After half an hour spent cooling their heels and speculating which new diva was causing the delay of Fox’s “American Idol” Q&A session, TV critics finally got to ask Mariah Carey and Nicki Minaj whether the audition brawl leaked to TMZ in October was the real deal or a trumped up gag to goose show ratings.

New judges Mariah Carey, from left, Keith Urban and Nicki Minaj. (Todd Williamson/INVISION/AP)

“We’re professionals. Have you ever had an argument with someone you’ve worked with?” said Minaj, dressed in a pretty, beige, clingy dress, and Louboutin heels so high she had to be walked to her seat on stage.

“This was sort of one-sided,” interjected Carey, her saintly smile hovering above a double strand of diamonds, above her equally clingy strapless emerald green minidress.

“No, it wasn’t,” snapped Minaj.

One day after ABC News aired Babs Walters’ interview with Carey in which she reitered a claim she made back in October about hiring a body guard to protect her from Minaj’s camp, Carey told TV critics “The fighting is what it is. This is ‘American Idol.’ It’s bigger than…some stupid trumped-up thing” which was distracting from the singers and not fair to them.

And yet, interjected Minaj, every time she tries to talk about the contestants to reporters, they insist on pulling her back into conversation about the feud, the tape and TMZ.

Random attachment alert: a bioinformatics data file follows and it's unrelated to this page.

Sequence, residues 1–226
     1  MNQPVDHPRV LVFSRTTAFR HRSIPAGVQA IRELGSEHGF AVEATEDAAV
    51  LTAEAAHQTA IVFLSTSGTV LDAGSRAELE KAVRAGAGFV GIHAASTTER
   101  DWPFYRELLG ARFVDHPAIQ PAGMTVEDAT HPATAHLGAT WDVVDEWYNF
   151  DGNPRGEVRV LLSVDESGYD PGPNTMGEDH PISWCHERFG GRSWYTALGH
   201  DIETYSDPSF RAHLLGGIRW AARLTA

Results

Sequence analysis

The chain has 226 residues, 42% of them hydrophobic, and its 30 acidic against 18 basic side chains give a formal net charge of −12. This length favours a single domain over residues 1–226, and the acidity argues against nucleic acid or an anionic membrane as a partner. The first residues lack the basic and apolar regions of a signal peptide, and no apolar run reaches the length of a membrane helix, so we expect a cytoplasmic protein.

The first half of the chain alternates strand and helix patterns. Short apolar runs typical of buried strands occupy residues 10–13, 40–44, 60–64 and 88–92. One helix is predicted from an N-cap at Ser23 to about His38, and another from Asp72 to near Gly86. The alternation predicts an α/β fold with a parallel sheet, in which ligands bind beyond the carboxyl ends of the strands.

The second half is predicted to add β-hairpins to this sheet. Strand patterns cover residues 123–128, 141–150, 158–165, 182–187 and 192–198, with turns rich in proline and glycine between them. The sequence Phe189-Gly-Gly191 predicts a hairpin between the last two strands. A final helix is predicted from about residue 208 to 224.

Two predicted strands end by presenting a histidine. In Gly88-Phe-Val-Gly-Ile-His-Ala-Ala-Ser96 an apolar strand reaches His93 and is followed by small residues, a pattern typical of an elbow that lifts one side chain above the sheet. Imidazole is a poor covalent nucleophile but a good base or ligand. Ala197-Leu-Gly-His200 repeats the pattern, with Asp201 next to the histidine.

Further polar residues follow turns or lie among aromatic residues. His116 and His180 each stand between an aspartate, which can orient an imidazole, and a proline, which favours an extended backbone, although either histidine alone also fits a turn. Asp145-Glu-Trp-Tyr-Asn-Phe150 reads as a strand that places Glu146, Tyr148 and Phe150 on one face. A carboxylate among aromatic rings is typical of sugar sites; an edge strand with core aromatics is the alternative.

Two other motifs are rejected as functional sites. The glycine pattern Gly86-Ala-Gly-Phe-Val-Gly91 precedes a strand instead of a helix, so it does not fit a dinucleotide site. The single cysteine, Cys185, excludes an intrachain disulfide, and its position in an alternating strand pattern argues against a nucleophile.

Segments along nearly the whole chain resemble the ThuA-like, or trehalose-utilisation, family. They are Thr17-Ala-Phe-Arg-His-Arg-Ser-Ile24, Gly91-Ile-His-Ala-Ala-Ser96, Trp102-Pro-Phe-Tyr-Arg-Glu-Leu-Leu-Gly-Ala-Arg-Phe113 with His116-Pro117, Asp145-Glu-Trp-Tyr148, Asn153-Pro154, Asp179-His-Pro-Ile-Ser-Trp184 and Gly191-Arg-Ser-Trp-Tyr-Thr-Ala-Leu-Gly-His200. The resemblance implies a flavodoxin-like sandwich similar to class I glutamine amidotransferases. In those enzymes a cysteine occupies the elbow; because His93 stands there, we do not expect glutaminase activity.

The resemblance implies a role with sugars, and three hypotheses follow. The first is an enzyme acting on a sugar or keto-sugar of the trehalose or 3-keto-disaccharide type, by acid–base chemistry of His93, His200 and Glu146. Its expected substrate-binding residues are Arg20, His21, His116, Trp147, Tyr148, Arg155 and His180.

Yeah — poor Nicki.

One critic asked each woman to say something nice about the other. While the crowd held their breath, Minaj began, calling Carey one of her favorite all-time artists, and the shaper of a generation of singers.

Carey seemed to have more trouble talking about something other than herself, but eventually got around to talking about working with Minaj on a single and realizing Minaj was an artist who would go far. That single: “Up Out My Face,” Carey said, calling it “ironic.”

One critic wondered how they came to kiss and make up.

“I put on my sex tape,” Minaj responded.

“And, THERE is it,” Carey said, rolling her eyes.

The cacophony that ensued made it hard to understand what the two women were saying. Carey appeared to be talking about everyone being able to agree on the wonderfulness of her new shoes — also Louboutins only strappier and not so high as Minaj’s, and with little puffs at the toe. Minaj, meanwhile, continued to discuss the merits of her sex tape as a peacekeeping device.

Finally they appeared to run out of gas, or remembered press was in the room. Anyway, they stopped and caught their breath, and let someone else on the panel speak.

Like exec producer Trish Kinane, who said they welcomed the vigorous (sometimes body-guard employing) give-and-take.

“We wanted judges who were experts and had a right to be here, and we also wanted honesty,” she said, adding. “I think we’ve got it. They’re not shrinking violets, they say what they think, and we encourage that.”

Speaking of that, Minaj got asked about the trouble rappers have had competing on “Idol” and responded that rappers should not go anywhere near this competition.

“I would never go on a show like this as a rapper,” she said. “I don’t think it’s authentic and if you’re looking for people to believe you, and see you as an authentic rapper, you wouldn’t do it,” she said, noting she “started off in the streets,” which is as it should be for a hip hop artist.

Guess what? Carey jumped in and said she too “never would have wanted to do this type of show — no offense to the show,” and that she started out sleeping on the floor of the studio, and only owned two dresses — one black and one pink.